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All posts for the month February, 2012

Do you know people who are just always grumpy? Glass half-empty type people? Do you also know people who are always positive? They don’t believe the glass is half-full, they believe it’s always full?

Both of these groups bother me. I hate being around negativity. But I equally hate being around people who don’t seem to be in touch with reality. The first group can never see beyond the problems that are around them and the second can never see that there are problems around them.

Then I read a guy named Paul, who wrote “Rejoice always.” (1 Thessalonians 5:16) And my first inclination is to put Paul in the second group. But I’ve read enough of Paul’s writings to realize that his life was really hard and he knew it was hard. He talked about how he suffered and was persecuted quite often.

So, what’s the third option? Another thing Paul wrote was, “In all things, give thanks…” That makes me consider that Paul saw his circumstances in a different way then the two other groups. He didn’t ignore the problems around him, but he also didn’t allow his circumstances to mess up his attitude. He saw beyond the moment to a better future, but embraced the moment as part of his journey to that better future.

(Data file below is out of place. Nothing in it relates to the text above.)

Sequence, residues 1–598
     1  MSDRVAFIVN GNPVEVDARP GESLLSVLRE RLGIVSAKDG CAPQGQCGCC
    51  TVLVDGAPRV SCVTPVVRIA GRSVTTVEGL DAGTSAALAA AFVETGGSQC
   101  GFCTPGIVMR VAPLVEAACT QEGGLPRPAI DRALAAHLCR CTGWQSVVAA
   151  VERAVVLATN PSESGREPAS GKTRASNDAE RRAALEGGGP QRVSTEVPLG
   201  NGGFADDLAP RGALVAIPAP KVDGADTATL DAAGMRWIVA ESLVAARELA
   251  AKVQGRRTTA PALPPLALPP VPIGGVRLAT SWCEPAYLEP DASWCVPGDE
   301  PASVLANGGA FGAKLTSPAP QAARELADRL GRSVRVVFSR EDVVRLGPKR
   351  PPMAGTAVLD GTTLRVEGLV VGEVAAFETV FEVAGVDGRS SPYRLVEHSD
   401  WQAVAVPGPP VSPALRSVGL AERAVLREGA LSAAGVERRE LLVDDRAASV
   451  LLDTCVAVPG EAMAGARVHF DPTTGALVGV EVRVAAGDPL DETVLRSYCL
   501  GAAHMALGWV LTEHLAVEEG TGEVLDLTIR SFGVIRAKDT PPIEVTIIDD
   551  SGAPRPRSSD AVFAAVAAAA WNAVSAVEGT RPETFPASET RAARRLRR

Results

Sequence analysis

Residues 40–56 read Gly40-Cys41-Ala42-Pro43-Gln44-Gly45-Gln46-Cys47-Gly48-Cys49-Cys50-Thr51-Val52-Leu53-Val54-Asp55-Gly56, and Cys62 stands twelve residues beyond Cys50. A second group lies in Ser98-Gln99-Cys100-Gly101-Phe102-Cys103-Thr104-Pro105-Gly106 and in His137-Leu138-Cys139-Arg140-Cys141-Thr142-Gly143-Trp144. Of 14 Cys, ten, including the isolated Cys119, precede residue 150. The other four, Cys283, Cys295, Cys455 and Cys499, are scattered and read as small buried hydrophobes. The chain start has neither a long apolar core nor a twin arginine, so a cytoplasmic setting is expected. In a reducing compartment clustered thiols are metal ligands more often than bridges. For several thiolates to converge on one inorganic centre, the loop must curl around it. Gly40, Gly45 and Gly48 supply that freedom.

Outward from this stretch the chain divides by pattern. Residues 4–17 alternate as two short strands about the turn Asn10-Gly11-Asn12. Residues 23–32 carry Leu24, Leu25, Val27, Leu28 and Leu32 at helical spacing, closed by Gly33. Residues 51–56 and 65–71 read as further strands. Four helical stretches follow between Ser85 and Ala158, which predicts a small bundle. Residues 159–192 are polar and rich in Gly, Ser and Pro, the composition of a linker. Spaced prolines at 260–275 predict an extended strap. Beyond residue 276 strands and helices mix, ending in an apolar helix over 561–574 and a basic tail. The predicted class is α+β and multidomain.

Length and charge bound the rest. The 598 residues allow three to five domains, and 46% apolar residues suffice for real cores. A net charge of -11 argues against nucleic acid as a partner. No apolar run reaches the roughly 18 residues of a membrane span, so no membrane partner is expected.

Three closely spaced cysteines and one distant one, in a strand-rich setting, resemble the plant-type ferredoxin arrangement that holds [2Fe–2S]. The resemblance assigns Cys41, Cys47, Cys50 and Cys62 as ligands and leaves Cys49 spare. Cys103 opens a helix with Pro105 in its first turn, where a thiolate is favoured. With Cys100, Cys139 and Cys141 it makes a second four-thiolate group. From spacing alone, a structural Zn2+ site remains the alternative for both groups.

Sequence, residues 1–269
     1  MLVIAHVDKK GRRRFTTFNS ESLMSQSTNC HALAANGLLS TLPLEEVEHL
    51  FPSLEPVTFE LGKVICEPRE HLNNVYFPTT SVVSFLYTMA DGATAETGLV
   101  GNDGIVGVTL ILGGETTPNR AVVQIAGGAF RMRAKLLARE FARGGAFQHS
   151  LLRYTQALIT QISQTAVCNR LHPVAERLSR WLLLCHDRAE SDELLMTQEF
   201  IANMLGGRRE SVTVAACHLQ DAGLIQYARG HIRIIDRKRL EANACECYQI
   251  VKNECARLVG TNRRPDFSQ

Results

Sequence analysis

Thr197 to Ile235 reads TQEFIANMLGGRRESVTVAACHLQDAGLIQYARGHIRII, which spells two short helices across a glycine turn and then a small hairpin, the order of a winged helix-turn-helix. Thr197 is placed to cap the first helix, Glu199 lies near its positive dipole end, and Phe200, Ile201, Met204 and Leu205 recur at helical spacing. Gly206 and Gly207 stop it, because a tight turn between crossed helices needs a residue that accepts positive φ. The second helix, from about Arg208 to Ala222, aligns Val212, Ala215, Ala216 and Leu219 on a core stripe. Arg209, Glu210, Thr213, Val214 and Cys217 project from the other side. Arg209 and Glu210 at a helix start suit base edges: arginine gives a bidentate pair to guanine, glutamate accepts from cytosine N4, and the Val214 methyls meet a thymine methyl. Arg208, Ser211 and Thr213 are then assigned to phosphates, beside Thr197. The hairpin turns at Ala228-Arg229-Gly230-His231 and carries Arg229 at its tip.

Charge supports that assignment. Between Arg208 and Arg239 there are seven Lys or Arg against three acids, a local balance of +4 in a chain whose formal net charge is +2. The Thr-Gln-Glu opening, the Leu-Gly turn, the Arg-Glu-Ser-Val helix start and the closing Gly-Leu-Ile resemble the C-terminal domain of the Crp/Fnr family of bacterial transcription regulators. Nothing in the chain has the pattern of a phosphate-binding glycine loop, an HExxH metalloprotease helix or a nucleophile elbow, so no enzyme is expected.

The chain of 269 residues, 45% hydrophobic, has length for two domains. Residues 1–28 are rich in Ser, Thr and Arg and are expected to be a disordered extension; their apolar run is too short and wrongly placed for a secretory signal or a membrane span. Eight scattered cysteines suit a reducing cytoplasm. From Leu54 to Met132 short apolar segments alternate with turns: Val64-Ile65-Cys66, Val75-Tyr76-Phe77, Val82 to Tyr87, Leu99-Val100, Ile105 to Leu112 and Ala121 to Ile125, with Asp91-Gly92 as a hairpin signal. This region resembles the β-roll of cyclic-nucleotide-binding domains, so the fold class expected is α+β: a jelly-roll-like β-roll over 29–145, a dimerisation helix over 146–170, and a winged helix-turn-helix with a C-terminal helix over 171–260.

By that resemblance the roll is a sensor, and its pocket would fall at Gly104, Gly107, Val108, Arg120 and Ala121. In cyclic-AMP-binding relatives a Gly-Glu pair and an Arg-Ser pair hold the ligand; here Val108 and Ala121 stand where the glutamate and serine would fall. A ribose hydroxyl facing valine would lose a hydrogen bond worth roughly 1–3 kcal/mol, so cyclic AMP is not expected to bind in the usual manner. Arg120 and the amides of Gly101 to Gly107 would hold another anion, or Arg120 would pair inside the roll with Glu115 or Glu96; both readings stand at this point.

Reno is the halfway point from Bend to my wife’s parents. So last night we stopped and stayed in a cheap hotel and left the boys while Suzanne and I went out on the town.

I love being with Suzanne, no matter what we do. But I had a hard time enjoying myself while we spent our pre-determined $20 each (no more and no less). On my run today I realized what I don’t like about it. It’s not for religious reasons. It is the “just one more spin” feeling that overcomes you.

If we are always looking for the next big thing we don’t enjoy the moment. Some might say the enjoyment comes when you win. But that is short lived and actually feeds the misconception of “just one more.”

The best way to live is to enjoy what you have right now, no matter if it is little or much.

20120214-082928.jpg Peace, an elusive state of tranquility.

Jesus talked a lot about not worrying. He actually told his followers that he would give us His peace. Later, the Apostle Paul would write: “Don’t worry about anything; instead, pray about everything. Tell God what you need, and thank him for all he has done. Then you will experience God’s peace, which exceeds anything we can understand. His peace will guard your hearts and minds as you live in Christ Jesus.” (Philippians 4:6, 7 NLT)

He makes it sound so simple, doesn’t He?

But why is peace so important?

Here is an image to ponder: a crystal clear lake, no wind on the water, completely still. Above the lake is this amazing sno-capped mountain. The lake, because of its stillness, perfectly reflects the amazing mountain above it.

I’ve decided that one of my life’s missions is to reflect the glory of God. But if I allow the circumstances (wind) around me to control my internal barometer, then there is no chance I will reflect God’s majesty. Tranquility, stillness, a confidence, all enable people to see God’s goodness in my life. They can see Him. And in a world that is full of turmoil and anxiety, the people of God who experience God’s peace, are like a beautiful, completely still lake, offering hope and a reflection of a better life.